A PhD is the most internationally recognised research qualification, and is the most commonly pursued research degree at Leeds.
The aim of any research degree is to carry out a programme of research that furthers knowledge in your chosen subject field. During this time, you will work under the supervision of a primary supervisor and one or more co-supervisors who are experts in the same field, sometimes as part of a team, with other students and staff.
We offer three types of research degrees:
The Doctor of Philosophy is our main research degree. The PhD is awarded on the basis of a thesis (300 pages or 100,000 words) and examiners must be satisfied that you have discovered, interpreted and communicated new knowledge through original research, worthy of publication in international and national peer reviewed journals, which might reasonably be expected from a competent, hard-working student after three or up to four years of full-time study (five years or up to seven years for part-time or split-site study). Examiners must also be satisfied that you possess good general knowledge in your area of research.
We also offer an alternative style of doctoral thesis known as the ‘PhD by publication’ route, which encourages candidates to publish and to include their publications as, or within, their final submission. This model of thesis can only be submitted where the supervisory team supports this format of submission and is satisfied it is appropriate and meets the protocol in place for that Faculty.
The Master of Philosophy is awarded on the basis of a thesis (200 pages or 60,000 words) and examiners must be satisfied that you have been able to interpret and communicate knowledge through research and/or scholarship of publishable quality which would satisfy peer review, and which might reasonably be expected to be completed after two or up to three years of full-time study (four or up to six years for part-time study). You must also satisfy the examiners that you possess a good general knowledge in your area of research. This degree would be suitable if you have 2 years of sponsorship for your research degree study.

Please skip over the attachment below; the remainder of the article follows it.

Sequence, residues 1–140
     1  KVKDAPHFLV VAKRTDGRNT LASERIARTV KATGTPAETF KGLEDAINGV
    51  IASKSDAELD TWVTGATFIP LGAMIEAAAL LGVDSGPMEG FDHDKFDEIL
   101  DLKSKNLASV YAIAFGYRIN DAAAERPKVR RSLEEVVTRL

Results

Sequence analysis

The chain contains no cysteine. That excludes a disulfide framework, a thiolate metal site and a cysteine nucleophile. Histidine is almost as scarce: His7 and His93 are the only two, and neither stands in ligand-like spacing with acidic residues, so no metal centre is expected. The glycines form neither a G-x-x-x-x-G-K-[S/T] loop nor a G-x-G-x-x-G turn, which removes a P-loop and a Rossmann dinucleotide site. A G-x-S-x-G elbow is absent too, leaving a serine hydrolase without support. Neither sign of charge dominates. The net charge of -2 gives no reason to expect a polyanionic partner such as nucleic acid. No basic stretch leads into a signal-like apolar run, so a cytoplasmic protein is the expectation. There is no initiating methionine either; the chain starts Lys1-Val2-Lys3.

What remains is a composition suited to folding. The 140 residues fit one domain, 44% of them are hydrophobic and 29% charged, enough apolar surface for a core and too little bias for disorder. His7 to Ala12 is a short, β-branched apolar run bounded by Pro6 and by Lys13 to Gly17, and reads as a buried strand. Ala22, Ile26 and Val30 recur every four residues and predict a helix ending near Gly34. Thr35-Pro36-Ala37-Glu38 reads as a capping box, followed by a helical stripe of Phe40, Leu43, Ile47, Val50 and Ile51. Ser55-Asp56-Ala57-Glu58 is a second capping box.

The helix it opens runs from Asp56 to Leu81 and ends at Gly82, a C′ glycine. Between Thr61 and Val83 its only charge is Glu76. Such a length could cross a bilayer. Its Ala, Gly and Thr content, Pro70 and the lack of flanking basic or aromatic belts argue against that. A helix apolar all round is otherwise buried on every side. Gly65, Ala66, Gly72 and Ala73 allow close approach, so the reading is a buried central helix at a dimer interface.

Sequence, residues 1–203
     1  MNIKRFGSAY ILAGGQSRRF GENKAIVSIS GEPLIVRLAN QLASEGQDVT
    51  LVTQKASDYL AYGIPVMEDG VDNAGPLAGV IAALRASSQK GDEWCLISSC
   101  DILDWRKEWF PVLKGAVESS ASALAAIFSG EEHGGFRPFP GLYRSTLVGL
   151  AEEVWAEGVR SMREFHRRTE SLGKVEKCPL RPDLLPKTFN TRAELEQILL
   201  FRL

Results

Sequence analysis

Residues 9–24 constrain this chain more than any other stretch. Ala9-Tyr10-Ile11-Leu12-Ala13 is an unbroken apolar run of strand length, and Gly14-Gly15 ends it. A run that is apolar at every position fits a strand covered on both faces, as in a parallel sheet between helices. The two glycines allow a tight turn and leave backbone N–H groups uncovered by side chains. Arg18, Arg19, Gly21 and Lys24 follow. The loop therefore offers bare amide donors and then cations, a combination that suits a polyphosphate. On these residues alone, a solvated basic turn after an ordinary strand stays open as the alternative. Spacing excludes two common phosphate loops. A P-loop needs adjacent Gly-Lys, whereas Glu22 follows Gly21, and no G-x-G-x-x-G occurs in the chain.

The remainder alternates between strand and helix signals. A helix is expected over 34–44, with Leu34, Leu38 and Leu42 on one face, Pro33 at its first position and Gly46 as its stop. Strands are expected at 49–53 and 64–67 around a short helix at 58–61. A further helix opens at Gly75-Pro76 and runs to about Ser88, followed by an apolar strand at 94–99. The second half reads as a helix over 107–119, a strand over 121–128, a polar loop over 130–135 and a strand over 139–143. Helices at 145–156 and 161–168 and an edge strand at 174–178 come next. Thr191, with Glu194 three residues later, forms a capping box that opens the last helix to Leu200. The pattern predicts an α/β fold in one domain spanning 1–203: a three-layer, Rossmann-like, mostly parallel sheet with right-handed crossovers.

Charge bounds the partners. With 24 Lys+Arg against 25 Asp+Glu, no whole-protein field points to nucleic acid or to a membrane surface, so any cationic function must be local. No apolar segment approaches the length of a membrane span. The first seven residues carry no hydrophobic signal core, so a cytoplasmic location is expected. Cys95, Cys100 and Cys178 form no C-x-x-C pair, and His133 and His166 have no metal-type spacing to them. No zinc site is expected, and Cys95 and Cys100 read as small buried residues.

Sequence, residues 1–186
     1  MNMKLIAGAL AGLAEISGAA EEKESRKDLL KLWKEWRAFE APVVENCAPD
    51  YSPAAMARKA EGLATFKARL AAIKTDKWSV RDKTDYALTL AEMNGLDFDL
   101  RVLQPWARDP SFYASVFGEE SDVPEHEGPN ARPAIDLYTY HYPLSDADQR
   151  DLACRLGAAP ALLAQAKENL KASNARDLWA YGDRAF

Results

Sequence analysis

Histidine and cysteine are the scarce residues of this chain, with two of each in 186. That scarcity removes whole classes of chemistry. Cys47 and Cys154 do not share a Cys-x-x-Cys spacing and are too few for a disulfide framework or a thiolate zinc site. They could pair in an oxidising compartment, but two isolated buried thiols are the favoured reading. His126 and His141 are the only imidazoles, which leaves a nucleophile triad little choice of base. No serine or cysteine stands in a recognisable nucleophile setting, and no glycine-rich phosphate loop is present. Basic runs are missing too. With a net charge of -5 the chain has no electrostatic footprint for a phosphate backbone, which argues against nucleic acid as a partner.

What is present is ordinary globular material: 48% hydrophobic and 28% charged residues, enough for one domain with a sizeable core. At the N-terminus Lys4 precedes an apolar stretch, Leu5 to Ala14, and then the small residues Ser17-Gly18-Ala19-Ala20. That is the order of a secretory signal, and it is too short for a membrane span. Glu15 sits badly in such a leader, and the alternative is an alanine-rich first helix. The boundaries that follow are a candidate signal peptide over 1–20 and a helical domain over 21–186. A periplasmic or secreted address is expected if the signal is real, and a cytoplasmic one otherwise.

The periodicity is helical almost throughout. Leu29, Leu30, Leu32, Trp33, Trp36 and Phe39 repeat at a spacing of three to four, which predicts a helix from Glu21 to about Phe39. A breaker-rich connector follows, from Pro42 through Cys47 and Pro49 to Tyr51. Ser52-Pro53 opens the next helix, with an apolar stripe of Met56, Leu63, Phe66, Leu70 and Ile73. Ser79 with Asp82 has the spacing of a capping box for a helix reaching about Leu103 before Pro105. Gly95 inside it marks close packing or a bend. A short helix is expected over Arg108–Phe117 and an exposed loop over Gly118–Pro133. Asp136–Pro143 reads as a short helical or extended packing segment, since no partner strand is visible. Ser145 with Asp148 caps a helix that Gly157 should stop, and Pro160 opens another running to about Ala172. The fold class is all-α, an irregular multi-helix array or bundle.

This is a combination of part-time and full-time study and is intended for highly qualified individuals. If you would like to study for a research degree in transport while spending most of your study period in your home country, the Split-site PhD programme might be the ideal scheme for you.
A Split-site PhD is designed to give you access to academic supervision from the Institute of Transport Studies, whilst keeping costs affordable and allowing you to remain in your current circumstances - such as your location and job. This form of part-time PhD study can be particularly suited for those who work in countries other than the UK, in Universities, research institutions and similar organisations.
The standard period of study is five years, with a maximum time limit for submission of your thesis of seven years. The entry requirement is a relevant degree equivalent to a a UK undergraduate honours degree 2.1 (or equivalent) or higher and a masters degree. The English Language requirement is higher than normal and is IELTS 6.5 with not less than 6.0 in any skill area (or equivalent).
You would be required to be in full-time residence in Leeds for at least eight months within the five year standard period of study. At least six months must be spent in Leeds in Year 1 so that appropriate training can take place. You must be present in Leeds during Year 2 for the formal assessment for transfer to full PhD registration and then at a later stage for the examination of the thesis.
The supervisors are appointed at the University of Leeds and a “local” advisor must also be appointed. The “local” advisor should be employed by a HEI, Research Institute or Commercial or Industrial Organization with significant research component or reputation and should be readily available for consultation. The “local” adviser must be familiar with the UK system for the award of research degrees, and must be approved by the University of Leeds. You must provide a statement of support confirming that relevant resources and facilities are in place for your research. A clearly planned research project must be in place before the research commences.